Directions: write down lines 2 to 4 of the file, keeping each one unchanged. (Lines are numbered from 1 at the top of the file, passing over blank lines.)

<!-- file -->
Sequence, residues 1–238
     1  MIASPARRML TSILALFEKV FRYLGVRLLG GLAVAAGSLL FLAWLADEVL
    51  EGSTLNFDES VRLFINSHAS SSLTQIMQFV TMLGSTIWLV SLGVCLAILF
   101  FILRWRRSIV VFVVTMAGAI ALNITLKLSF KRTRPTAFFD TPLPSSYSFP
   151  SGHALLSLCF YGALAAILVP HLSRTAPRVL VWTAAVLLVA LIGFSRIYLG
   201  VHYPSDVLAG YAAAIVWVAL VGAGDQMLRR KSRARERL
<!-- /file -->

     1  MIASPARRML TSILALFEKV FRYLGVRLLG GLAVAAGSLL FLAWLADEVL
    51  EGSTLNFDES VRLFINSHAS SSLTQIMQFV TMLGSTIWLV SLGVCLAILF
   101  FILRWRRSIV VFVVTMAGAI ALNITLKLSF KRTRPTAFFD TPLPSSYSFP